snickering and saying 'Python is a sucky language.  Its implementation
of booleans is so, so, lame...' thrown in as well.

If you already know what a boolean is, then chances are Python's bools
are not going to behave the way you expect them to.  If you don't know
what a bool is, then I feel morally obligated to teach you the
difference between real truth values and this int-in-a-hat kludge.  In
either case, I now have to spend a bunch of time teaching about
booleans, something I had no desire to do before today. I _want_ to teach 
that if 1: means do it and if 0: means don't.  I want to teach that python
makes a distinction between Something and Nothing. And I can teach that a
_lot_ faster than An Introduction to Boolean Algebra ...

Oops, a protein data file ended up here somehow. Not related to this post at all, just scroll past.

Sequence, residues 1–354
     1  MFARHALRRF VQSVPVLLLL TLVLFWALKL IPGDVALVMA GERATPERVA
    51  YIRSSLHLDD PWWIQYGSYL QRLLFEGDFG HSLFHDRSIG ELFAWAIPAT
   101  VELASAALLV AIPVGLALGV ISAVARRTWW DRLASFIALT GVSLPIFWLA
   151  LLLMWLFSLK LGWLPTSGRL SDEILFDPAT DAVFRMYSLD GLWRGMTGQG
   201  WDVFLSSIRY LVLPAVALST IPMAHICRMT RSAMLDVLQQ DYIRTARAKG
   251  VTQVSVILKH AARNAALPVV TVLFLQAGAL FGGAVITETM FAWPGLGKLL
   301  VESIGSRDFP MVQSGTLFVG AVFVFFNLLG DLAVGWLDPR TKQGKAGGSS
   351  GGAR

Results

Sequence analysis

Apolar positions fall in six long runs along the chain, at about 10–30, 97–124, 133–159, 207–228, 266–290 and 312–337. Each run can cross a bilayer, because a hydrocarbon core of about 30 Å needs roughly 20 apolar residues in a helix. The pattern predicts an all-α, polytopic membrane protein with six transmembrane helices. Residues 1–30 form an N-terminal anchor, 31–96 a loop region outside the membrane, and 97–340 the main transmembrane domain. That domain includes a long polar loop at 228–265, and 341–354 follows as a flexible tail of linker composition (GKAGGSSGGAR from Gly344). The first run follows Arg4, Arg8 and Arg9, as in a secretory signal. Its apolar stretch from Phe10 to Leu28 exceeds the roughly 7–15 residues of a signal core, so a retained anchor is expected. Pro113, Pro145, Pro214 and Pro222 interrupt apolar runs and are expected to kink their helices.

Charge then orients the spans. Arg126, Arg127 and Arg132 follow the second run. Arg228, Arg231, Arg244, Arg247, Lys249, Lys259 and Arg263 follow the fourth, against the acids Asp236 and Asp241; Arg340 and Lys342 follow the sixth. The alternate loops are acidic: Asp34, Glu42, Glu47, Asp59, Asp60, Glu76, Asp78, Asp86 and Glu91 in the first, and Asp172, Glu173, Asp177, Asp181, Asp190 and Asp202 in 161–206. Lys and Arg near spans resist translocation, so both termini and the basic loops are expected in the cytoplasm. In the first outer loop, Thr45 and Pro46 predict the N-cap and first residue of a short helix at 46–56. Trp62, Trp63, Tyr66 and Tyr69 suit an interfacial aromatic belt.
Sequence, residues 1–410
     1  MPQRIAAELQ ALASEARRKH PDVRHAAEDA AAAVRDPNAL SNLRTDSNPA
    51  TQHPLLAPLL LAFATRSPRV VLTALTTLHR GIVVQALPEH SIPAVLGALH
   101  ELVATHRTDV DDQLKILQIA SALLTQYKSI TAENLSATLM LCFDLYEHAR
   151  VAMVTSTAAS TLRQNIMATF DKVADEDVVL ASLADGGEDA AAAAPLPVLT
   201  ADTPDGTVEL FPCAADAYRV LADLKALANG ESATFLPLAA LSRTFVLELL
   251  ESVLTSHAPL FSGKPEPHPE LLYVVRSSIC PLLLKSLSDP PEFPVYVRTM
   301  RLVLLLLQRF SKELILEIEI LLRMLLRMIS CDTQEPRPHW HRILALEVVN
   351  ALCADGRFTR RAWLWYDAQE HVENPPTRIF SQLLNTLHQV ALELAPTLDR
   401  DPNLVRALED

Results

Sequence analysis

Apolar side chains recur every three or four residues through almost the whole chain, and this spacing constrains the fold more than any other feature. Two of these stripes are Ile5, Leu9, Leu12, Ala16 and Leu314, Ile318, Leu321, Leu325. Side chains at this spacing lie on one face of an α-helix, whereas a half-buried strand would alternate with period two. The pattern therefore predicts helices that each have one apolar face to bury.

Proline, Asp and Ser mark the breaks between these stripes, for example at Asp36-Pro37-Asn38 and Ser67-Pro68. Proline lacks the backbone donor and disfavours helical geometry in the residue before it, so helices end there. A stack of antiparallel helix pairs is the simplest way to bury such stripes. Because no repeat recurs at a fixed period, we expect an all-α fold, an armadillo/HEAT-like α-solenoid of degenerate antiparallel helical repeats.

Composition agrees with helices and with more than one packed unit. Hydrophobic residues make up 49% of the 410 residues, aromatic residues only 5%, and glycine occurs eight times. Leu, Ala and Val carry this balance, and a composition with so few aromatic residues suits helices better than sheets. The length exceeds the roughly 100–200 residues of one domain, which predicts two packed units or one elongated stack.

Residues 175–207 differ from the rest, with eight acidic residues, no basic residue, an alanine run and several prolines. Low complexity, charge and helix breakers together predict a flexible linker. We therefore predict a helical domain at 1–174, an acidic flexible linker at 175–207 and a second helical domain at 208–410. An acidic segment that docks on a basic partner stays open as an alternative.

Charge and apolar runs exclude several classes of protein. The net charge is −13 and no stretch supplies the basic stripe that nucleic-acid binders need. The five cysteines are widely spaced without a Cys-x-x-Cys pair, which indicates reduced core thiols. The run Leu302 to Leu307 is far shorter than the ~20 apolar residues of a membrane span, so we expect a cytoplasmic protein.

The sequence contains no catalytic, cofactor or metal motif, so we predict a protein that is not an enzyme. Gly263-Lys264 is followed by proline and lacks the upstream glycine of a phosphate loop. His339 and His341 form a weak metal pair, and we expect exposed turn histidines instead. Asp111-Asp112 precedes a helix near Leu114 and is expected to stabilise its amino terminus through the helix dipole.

There's also the issue (which I've seen puzzling even experienced
        Pythonistas who had been away from the language for a while) 
        that if you see:

            >>> cmp(a, b)
            >>> cmp(a, a)

        you might be tempted to believe that cmp() also returned a truth
        value.  If ints are not (normally) used for Booleans results, this
        would stand out much more clearly as something completely

I don't think that people are confused about this because they think 
that cmp is returning True or False.  I've had people go on believing 
that cmp should return one of 2 values even as I was telling them that
it returned one of 3.  The desire for cmp to be a two-valued comparison 
runs deep in many souls, and is tied to a passionate belief that comparisons 
are binary, not that they return True and False.

        I don't see this as a problem, and I don't want evolve the
        language in this direction either; I don't believe that a stricter
        interpretation of "Booleanness" makes the language any clearer.